Tags: Toyota | Profit | Outlook | earnings

Toyota Raises Profit Outlook on Quake Recovery as Hyundai Gains

Tuesday, 02 August 2011 09:00 AM

Toyota Motor Corp., Japan’s largest automaker, raised its full-year profit forecast by 39 percent, capping industry earnings that point to a faster-than-expected recovery from the record March 11 earthquake and tsunami.

Toyota today raised its net income forecast for this fiscal year to 390 billion yen ($5 billion) from an earlier forecast of 280 billion yen, compared with net income of 408 billion yen last fiscal year. Sales may rise to 19 trillion yen, higher than the estimate of 18.6 trillion yen made June 10.

Toyota’s revised outlook came a day after Honda Motor Co. raised its profit forecast 18 percent in the aftermath of the magnitude-9 temblor that damaged parts factories and power plants. Nissan Motor Co. also beat analyst estimates with first- quarter net income of 85 billion yen, and it may consider revising its forecast after the second quarter, Corporate Vice President Joji Tagawa said July 27.

“The Japanese carmakers are recovering more quickly than earlier expected,” said Tadashi Usui, an analyst at Moody’s K.K. in Tokyo. “The challenge post-recovery is how competitive they can be in this very difficult operating environment.”

Toyota said profit in the fiscal first quarter, the period most affected by the disasters, plunged 99 percent. The maker of the Prius hybrid car reported net income of 1.16 billion yen for the three months ended June 30, compared with the average of six analysts’ estimates for a net loss of 68.6 billion yen.

Hyundai Advantage

“Because of the quicker recovery, we’ve been able to push up our production and sales plans,” Senior Managing Officer Takahiko Ijichi said in Tokyo today. “We are working to improve our profit structure globally so that we can better last year’s result even if it’s just by the slightest margin.”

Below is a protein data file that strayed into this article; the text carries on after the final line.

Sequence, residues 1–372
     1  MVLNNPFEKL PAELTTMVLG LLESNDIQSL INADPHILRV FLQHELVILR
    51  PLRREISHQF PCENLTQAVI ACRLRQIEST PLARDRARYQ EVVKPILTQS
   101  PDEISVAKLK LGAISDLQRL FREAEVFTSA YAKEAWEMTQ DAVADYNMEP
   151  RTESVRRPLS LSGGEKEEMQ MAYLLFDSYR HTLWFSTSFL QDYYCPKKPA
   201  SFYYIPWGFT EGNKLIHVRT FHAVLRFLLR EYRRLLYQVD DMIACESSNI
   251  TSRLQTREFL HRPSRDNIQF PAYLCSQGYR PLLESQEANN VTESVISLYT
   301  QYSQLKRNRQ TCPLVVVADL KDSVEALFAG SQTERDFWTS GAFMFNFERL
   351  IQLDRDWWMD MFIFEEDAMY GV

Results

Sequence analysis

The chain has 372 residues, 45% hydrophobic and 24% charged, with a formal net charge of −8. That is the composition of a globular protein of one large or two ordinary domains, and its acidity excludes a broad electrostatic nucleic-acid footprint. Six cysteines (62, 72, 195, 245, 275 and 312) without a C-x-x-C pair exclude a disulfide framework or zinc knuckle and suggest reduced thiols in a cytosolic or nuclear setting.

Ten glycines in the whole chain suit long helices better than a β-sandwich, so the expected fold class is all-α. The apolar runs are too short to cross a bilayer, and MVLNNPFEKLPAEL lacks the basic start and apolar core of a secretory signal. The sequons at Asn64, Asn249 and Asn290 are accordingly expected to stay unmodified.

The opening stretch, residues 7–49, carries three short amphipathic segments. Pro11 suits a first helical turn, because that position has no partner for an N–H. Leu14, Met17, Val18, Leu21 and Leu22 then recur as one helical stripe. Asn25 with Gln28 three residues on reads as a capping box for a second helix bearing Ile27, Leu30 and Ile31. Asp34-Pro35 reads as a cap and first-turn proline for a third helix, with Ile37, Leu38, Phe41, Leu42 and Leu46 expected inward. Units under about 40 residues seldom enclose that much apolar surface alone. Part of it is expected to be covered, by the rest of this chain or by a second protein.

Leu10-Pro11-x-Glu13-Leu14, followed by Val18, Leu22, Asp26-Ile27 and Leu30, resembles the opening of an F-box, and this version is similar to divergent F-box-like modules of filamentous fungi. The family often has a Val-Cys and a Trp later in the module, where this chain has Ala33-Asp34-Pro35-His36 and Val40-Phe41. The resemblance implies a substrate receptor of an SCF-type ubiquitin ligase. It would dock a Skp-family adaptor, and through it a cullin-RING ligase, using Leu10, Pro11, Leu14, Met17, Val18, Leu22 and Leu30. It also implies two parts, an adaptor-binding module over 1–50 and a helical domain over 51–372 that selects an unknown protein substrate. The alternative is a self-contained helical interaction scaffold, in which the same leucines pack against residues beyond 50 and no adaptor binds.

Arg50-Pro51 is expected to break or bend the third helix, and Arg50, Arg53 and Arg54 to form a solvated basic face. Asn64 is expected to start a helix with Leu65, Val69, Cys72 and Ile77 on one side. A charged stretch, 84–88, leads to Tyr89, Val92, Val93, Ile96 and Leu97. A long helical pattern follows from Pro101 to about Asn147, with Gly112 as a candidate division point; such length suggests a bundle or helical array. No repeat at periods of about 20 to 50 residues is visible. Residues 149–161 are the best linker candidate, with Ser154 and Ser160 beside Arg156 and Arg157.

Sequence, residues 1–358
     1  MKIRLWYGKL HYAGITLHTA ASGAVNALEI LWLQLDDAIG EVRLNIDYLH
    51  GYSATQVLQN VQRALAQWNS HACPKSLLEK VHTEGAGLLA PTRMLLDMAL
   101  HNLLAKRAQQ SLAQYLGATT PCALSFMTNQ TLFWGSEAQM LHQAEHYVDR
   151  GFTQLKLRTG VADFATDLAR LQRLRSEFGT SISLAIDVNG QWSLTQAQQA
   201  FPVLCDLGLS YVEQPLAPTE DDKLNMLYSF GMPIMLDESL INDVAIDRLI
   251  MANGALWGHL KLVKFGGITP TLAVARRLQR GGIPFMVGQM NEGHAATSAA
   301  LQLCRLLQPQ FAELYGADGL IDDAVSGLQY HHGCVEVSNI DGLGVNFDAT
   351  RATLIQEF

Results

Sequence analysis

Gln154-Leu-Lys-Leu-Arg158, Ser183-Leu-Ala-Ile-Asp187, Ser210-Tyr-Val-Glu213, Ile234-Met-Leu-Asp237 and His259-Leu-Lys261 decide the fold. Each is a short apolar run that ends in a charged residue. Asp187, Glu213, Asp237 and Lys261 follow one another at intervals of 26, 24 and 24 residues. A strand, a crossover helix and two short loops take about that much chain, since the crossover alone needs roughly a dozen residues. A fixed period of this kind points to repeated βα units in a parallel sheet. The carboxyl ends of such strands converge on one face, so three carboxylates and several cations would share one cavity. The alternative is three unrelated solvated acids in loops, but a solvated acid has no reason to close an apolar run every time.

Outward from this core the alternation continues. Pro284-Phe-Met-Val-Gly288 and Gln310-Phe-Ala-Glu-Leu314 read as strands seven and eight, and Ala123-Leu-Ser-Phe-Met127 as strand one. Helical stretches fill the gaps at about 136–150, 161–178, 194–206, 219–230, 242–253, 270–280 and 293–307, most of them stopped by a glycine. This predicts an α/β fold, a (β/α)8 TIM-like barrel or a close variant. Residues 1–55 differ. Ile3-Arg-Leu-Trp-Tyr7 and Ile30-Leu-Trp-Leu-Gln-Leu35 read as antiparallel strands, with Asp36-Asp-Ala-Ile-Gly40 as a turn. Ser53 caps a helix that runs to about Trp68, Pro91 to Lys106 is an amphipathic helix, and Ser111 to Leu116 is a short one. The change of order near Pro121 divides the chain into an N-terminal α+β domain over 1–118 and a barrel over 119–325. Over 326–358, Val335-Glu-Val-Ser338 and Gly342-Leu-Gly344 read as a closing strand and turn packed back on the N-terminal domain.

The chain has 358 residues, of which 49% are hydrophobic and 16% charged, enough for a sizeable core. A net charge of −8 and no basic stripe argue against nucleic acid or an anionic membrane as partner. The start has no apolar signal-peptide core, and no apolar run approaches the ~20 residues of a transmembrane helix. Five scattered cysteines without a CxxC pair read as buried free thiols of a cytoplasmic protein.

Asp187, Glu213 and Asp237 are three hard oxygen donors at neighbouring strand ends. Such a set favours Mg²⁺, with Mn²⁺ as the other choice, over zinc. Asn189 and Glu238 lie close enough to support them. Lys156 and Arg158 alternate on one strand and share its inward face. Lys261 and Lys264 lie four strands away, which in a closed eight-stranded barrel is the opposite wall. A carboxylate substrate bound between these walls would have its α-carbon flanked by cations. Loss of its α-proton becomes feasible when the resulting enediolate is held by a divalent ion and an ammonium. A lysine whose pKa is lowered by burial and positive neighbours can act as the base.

Global vehicle sales dropped 33 percent to 1.22 million in the three months ended June 30, the automaker said. Sales plunged 48 percent in North America and 42 percent in Japan. Deliveries in Asia, excluding Japan, fell 9 percent to 259,000 units.

The difficulties for Japanese carmakers are compounded by the yen’s surge against the dollar and South Korean rival Hyundai Motor Co.’s increased production to take advantage of Japanese factory shutdowns.

Hyundai’s second-quarter profit gained 37 percent to 2.3 trillion won ($2.2 billion). Its U.S. market share rose to 5.1 percent this year through June from 4.6 percent last year, while Toyota and Honda have lost ground, according to Autodata Corp., a Woodcliff Lake, New Jersey-based research company.

Yen Strength

“Hyundai was a strong competitor even before the quake, and the disaster gave it even more of an advantage to expand sales,” said Yoshiaki Kawano, an analyst at consulting company IHS Automotive. “Toyota is recovering at a faster-than-expected pace, but it needs to introduce its new models as soon as possible to compete with Hyundai.”

The strength of the Japanese currency, which is close to a post-World War II high, cuts the value of repatriated earnings from exports. The yen gained 11 percent against the dollar in the April-June quarter from a year earlier and traded at 77.18 yen today.

A 15-yen change in the exchange rate over the past year has “blown off” 300,000 yen, or $3,900, in profit on a $20,000 car, Ijichi said.